Jinhua, a city of 4.5 million souls three hours by car southwest of Shanghai, is best known in China for its dry-cured ham. But it could soon become famous for something of a rather different flavor. Last October, Beijing conceptual artist Ai Weiwei and a group of city officials cut the ribbon on the Jinhua Architecture Park, a collection of 17 pavilions designed by Chinese and international architects, set on the banks of the Yiwu River.
Before it became a staple of European gardens and world expos, the pavilion a small building for repose and reflection was a key component of refined Chinese landscape design, as depicted in many traditional paintings. At Jinhua, however, its forms and functions have been radically updated. The Swiss firm of Herzog & de Meuron has built something resembling a futuristic jungle gym. Mexican architect Fernando Romero has fashioned a bridge that doubles as a teahouse. A cluster of concrete outhouses by artist Wang Xingwei and architect Xu Tiantian seems to double as brutalist sculpture.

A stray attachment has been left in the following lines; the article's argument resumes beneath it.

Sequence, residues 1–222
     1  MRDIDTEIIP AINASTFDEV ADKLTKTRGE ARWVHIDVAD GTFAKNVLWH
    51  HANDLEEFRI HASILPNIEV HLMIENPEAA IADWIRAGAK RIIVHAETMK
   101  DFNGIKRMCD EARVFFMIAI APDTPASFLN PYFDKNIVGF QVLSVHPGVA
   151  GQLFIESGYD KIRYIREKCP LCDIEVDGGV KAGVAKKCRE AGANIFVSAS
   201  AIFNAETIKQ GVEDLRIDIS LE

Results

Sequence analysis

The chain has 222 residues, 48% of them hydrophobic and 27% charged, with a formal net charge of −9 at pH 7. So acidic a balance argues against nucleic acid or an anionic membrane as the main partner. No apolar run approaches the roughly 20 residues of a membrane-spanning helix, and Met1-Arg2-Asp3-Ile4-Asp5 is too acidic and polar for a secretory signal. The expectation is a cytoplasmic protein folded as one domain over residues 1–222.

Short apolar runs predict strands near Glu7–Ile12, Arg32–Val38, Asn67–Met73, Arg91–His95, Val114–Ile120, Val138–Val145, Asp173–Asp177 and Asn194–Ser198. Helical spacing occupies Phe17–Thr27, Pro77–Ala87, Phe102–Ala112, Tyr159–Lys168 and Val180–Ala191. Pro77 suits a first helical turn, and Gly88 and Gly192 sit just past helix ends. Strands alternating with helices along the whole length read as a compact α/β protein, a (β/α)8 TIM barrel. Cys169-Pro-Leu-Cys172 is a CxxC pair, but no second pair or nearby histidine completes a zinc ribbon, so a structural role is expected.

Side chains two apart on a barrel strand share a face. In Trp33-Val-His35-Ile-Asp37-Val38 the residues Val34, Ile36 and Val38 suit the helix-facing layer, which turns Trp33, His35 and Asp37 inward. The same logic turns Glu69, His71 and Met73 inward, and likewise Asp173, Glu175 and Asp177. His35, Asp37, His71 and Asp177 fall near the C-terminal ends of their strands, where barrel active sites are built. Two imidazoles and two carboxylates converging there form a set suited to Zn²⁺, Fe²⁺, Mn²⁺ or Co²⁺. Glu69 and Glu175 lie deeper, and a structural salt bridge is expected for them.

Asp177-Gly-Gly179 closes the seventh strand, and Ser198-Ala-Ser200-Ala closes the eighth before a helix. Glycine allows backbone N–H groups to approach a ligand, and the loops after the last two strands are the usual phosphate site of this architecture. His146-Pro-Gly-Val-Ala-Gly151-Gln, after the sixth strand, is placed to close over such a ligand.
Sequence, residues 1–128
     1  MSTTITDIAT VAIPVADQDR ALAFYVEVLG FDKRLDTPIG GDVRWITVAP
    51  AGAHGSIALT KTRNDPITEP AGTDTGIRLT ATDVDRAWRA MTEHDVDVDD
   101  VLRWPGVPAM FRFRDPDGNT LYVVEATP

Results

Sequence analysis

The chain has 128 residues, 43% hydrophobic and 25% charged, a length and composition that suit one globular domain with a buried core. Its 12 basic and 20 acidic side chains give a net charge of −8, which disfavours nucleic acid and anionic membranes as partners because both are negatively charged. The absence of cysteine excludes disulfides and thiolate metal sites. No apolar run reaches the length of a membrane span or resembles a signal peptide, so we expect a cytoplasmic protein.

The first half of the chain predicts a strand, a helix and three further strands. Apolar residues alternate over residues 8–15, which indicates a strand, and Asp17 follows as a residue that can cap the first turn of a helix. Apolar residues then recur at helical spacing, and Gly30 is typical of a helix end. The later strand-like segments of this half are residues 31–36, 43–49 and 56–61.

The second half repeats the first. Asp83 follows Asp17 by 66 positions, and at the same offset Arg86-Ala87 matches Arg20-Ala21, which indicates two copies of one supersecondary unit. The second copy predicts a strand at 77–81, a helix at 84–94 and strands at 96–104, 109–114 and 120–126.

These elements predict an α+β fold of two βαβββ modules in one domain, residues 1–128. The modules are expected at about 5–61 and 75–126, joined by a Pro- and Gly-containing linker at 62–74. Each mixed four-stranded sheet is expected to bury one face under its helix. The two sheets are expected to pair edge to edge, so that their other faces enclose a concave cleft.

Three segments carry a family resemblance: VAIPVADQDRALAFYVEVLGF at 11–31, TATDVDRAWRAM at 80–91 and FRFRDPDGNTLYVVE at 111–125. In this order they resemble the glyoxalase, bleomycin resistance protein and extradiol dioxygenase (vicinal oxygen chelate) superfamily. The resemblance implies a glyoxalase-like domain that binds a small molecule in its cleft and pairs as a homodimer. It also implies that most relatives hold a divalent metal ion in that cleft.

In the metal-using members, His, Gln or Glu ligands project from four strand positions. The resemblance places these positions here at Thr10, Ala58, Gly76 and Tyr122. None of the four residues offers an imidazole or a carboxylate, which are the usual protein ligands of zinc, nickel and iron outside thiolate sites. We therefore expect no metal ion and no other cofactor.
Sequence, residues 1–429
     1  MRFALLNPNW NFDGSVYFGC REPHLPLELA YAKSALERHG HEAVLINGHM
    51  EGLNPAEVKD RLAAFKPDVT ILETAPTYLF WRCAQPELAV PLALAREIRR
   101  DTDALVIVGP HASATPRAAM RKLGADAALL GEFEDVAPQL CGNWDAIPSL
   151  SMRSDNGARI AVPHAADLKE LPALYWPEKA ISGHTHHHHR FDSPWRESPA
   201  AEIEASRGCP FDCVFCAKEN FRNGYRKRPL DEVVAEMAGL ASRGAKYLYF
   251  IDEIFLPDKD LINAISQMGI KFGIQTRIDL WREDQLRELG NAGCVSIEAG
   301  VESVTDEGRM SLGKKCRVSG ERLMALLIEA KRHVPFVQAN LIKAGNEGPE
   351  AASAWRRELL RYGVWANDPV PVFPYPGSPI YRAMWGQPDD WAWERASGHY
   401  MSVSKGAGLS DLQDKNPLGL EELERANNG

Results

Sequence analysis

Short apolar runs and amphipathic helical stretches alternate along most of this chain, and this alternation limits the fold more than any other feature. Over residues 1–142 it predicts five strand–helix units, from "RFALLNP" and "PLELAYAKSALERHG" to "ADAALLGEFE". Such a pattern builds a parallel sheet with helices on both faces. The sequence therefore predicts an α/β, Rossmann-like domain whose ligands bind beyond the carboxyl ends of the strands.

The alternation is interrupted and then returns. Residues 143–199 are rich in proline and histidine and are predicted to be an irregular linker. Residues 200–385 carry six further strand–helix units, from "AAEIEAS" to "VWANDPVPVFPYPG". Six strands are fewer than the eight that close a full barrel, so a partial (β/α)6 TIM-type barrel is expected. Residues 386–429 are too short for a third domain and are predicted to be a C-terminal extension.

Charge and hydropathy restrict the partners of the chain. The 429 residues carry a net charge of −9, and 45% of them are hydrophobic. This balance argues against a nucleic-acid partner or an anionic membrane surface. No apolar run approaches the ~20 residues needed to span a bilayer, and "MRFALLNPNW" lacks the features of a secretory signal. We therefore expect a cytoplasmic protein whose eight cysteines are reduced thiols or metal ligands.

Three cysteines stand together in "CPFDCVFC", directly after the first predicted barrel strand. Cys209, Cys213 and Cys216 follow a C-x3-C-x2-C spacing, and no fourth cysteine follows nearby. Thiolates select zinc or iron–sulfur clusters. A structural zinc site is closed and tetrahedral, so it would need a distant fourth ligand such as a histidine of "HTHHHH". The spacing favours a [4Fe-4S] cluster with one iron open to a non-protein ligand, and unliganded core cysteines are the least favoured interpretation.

By incorporating aesthetically striking yet functional buildings into a natural environment, the park not only champions progressive design but reminds visitors of the importance of setting aside land for open space something that is being forgotten in China's building boom. "It shows the world we can accept brand new ideas," one city official says. Adds leading architecture professor Zhi Wenjun, "In terms of its impact on society, culture and design, this is one of the most important events in the history of architecture in China." That ought to be enough to convince design buffs to pay a visit. Tel: (86-579) 8246 9527 (in Mandarin only)